You must provide in-text citations and a bibliograhy or reference list whenever you quote or paraphrase ideas from other authors, in order to:
- provide evidence for your arguments and add credibility to your work. It shows that you have sought out and considered a variety of viewpoints on a given topic.
- show the depth and scope of your research and give credit to authors for their ideas.
- help readers to locate and further explore the sources you consulted.
- avoid charges of plagiarism.
Which sources to cite?
- Direct quotations from a book, article, film, letter, email, lecture, etc.
- Ideas you draw from a source but present entirely in your own words.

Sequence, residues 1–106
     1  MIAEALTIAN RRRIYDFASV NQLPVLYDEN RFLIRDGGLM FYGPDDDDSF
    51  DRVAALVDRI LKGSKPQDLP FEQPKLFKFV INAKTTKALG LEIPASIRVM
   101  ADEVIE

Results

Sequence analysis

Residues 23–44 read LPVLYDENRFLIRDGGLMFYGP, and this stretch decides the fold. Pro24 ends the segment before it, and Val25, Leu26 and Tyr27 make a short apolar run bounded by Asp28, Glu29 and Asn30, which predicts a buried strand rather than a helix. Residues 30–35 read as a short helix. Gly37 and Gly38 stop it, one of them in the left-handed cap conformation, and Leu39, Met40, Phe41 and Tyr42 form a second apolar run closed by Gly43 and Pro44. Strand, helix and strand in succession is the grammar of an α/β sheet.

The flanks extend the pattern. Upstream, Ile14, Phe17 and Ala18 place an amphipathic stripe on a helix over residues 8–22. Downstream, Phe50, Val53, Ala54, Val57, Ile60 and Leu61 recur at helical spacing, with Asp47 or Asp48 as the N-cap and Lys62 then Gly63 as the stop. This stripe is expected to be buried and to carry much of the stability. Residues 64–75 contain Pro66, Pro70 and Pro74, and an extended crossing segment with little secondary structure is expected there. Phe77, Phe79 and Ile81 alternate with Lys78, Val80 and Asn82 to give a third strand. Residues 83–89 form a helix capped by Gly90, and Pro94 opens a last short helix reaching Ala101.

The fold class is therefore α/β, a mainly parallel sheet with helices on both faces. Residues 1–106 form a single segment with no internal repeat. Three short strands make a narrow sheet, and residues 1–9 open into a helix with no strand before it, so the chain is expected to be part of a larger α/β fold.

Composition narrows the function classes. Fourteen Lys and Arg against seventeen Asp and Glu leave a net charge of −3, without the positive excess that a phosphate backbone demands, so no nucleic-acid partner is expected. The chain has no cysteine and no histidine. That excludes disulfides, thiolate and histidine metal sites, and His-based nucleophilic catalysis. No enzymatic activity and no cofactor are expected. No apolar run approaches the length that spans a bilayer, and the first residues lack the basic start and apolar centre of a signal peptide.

- Facts or ideas which are not common knowledge.
- Not just books and articles but statistical data, websites, blogs, etc.
Which citation style?
Ask your module instructor/coordinator/tutor for the preferred citation style and if there are other special formatting instructions you should follow.
Bibliographic management software
EndNote is a bibliographic management software that:
- stores and organizes citations found from many sources
- inserts these citations into a Word document
- automatically formats your references according to a predefined citation style.